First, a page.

Getting What You're Worth

Pay Matters: Getting What You’re Worth

By Kristen Harris

Everyone wants to be paid what they’re worth. But what exactly is that? What factors determine your worth? How do companies determine the pay for a role and how can you find that out? People generally don’t like to talk about money so anything related to pay tends to be murky and mysterious.

First, it’s important to keep in mind what type of work you’re considering. There is a big difference between pay rates for freelance or project work as opposed to hourly contract roles or full-time salaries. Let’s break it down.

> People who work on a freelance basis are running their own business, even if it’s a business of one. Generally, you’ll be a 1099 contractor with all of the responsibility of finding your own work, running the business, paying the employer’s portion of payroll taxes, and providing your own healthcare and retirement. You have flexibility, but when you don’t work you’re not paid; there’s no holiday pay or paid time off. Whether you’re paid hourly or by the project, generally freelance rates are higher than contract or full-time because you’re taking on all of the financial risk and responsibility.

> With a full-time position, you’re generally paid the same salary every week, or an hourly rate with a guaranteed number of hours per week. The employer probably also offers benefits like paid time off, holiday pay, healthcare benefits, retirement plans, and maybe even an onsite health coach or foosball table! Plus the employer’s share of your payroll taxes is paid by the company. If you divide the annual salary by 2080 hours (the number of work hours in a year), the hourly rate might actually be lowest of the three but add in an additional 30-40% of your salary for those benefits to get a true picture of your total compensation.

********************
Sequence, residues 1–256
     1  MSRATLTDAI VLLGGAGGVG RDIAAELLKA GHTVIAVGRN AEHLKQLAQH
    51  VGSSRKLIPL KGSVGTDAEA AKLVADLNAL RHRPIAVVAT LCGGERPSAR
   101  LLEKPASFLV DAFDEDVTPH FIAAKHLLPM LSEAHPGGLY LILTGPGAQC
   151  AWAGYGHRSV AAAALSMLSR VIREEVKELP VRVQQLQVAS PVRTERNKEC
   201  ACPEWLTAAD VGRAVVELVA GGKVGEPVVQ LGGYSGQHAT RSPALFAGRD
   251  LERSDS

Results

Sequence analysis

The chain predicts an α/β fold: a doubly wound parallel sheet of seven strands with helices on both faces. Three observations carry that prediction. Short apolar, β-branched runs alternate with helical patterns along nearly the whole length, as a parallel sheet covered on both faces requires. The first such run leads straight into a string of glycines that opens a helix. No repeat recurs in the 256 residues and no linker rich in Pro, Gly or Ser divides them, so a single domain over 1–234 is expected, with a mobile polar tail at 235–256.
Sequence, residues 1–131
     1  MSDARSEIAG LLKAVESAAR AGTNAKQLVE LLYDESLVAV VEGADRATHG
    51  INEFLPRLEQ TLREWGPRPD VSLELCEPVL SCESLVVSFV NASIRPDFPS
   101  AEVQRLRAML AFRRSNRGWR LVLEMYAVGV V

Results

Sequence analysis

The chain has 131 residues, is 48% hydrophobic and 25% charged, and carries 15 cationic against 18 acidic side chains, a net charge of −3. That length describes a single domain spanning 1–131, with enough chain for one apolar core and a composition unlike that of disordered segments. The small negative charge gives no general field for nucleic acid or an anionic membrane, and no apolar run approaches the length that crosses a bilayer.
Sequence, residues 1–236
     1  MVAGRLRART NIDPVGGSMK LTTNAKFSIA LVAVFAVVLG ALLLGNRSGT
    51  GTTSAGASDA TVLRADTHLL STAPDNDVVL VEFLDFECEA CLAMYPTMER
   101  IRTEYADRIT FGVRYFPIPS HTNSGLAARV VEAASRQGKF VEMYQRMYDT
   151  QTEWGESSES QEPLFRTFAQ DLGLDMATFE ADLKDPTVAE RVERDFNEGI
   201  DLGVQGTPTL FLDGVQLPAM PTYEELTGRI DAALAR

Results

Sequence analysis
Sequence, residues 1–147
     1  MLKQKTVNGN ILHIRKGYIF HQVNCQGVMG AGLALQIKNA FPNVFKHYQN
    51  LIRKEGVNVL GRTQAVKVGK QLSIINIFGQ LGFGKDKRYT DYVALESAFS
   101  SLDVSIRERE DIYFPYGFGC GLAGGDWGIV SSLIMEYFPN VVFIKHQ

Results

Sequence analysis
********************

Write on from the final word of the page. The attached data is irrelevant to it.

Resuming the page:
> The pay for an hourly staffing or contract role usually falls somewhere between a freelance rate and full-time salary. Depending on the firm you’re working with, you may have a level of benefits similar to a full-time position (that’s us) or little-to-no benefits provided by the firm. If a lot of benefits are provided, the hourly rate will be more similar to a full-time rate; when no benefits are provided some firms pay a slightly higher hourly rate (although many do not).

So, with the context of whether the position is freelance, staffing/contract or full-time, how do you know if the rate being offered is appropriate?

Pay ranges are a bit of art and science. There are some online resources where you can search by title, experience level, location, and other factors. I always like to look at 3-4 different sources, remove any outliers, then find the average. These resources usually gather their information from individuals self-reporting so this gives you a good idea of the going rate for that type of position. That’s the science. From there you have to consider other factors like your particular experience or level of expertise, your reputation, whether you already have a relationship or have worked together before, and even the company itself. Some places simply pay more than others; every business is structured differently.

Even with all of your research, at some point, it might just come down to whether the pay being offered fits within what you’re willing to accept. If there is a gap, consider other ways to bridge it. What else is important to you? Sometimes it’s easier for a company to provide additional time off, flexibility or other benefits rather than additional pay. Just keep in mind that any negotiations need to happen upfront, before taking the job. Once you agree on a rate, that should be the expectation on both sides.

We all want to feel good about ourselves and that we’re being paid “what we’re worth”. However, there really is no magic formula to come up with that number. Only you know what is most important to you, what you’re willing to compromise on, and what’s a deal-breaker.

Getting “what you’re worth” really means that you feel appropriately compensated for the work you’re doing, and that number is different for everyone. It helps to understand the different types of work arrangements, and the market for your skill set. We work with creatives in this area every day, just let us know how we can help!